To date, most of the focus has been in the big four growth cities of Shanghai, Beijing, Shenzhen and Guangzhou. Other cities have made headlines from time to time, particularly Tianjin and Chengdu, but their time in the spotlight has been intermittent at best.
However, beyond the big four, there are 167 other cities with more than 1 million people and another 489 that house 57% of the country’s 1.3 billion people. With little good land available for development in the top-tier cities, it is in these locations that the future profits in the real estate sector may lie.
“They are starting at quite a low level, which means there should be good growth,” said Stones Tse, CEO of SPG Land.
According to Jones Lang LaSalle research, some 30 cities classified as second-tier or below are already making a significant contribution to the market (See chart below). Those in the second tier have already developed robust local markets while the third-tier candidates are believed to have put in place “the conditions to create a solid economic profile and are beginning to have some success at creating real estate demand.”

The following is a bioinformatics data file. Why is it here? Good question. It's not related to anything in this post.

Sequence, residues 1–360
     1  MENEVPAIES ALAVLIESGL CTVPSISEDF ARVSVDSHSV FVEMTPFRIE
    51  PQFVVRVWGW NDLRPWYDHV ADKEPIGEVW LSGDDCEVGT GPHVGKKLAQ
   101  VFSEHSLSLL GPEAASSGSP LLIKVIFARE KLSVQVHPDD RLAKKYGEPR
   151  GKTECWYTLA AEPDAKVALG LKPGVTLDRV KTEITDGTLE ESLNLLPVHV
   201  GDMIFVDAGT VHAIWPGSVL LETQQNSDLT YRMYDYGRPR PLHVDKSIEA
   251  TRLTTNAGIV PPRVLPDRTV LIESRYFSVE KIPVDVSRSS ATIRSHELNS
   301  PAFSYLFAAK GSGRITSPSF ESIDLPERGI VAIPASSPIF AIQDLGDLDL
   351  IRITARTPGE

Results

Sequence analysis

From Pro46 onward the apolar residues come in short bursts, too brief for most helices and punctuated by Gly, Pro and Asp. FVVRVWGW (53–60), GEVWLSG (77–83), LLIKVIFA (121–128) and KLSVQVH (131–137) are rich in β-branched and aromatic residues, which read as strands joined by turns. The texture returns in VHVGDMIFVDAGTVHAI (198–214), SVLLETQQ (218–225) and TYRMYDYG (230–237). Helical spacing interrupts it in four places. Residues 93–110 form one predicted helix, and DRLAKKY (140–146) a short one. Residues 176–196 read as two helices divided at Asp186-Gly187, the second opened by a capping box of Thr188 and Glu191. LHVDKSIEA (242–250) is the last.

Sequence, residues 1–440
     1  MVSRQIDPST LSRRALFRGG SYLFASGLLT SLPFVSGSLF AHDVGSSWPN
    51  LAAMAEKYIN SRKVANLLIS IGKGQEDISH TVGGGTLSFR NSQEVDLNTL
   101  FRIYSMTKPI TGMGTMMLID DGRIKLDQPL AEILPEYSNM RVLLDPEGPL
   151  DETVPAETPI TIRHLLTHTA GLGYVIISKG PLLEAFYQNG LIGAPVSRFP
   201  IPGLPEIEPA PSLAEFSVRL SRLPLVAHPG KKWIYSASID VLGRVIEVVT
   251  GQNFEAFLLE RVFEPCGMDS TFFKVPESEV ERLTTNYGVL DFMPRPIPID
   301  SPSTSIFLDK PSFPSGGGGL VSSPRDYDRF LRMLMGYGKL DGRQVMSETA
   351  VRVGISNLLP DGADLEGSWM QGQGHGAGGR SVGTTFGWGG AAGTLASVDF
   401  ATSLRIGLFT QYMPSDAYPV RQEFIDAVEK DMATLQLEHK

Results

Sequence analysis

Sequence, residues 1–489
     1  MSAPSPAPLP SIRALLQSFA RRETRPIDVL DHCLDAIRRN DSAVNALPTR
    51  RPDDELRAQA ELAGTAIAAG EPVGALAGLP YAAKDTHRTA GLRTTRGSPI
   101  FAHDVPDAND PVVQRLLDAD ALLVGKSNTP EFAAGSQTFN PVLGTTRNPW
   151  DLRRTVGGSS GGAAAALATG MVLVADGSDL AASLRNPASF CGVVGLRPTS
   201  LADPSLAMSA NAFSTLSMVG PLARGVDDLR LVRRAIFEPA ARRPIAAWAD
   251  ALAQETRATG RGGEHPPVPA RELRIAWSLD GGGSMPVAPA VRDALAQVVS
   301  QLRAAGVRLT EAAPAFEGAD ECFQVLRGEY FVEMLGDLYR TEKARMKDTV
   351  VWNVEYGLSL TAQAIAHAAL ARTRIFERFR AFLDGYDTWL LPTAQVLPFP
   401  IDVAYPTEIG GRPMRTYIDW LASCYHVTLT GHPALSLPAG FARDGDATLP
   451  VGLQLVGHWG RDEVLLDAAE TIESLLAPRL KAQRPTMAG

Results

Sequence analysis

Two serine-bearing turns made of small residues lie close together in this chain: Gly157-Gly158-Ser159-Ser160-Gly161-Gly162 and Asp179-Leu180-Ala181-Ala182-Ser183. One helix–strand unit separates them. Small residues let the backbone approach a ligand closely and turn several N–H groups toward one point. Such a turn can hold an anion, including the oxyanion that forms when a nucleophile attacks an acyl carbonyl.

From a regulatory perspective, the Wild West days of real estate development may be over. Developers now have to be careful what they build and where. Central government is getting stricter about enforcing regulations that, amongst other things, call for a specific proportion of affordable housing in every development. Meanwhile, at local level, more sales are being carried out by the book, relying on transparent auctions rather than opaque connections.
Beijing is already sending teams to track developments in first-tier cities and, by all accounts, second-tier cities are next.
However, Wee Liat Lee, head of China research at Jones Lang LaSalle, does not believe regulatory toughness will dampen the development prospects in the country’s relatively untested second-tier cities.
“I think in the first-tier cities, the growth momentum will moderate and the second-tier cities will catch up,” he said.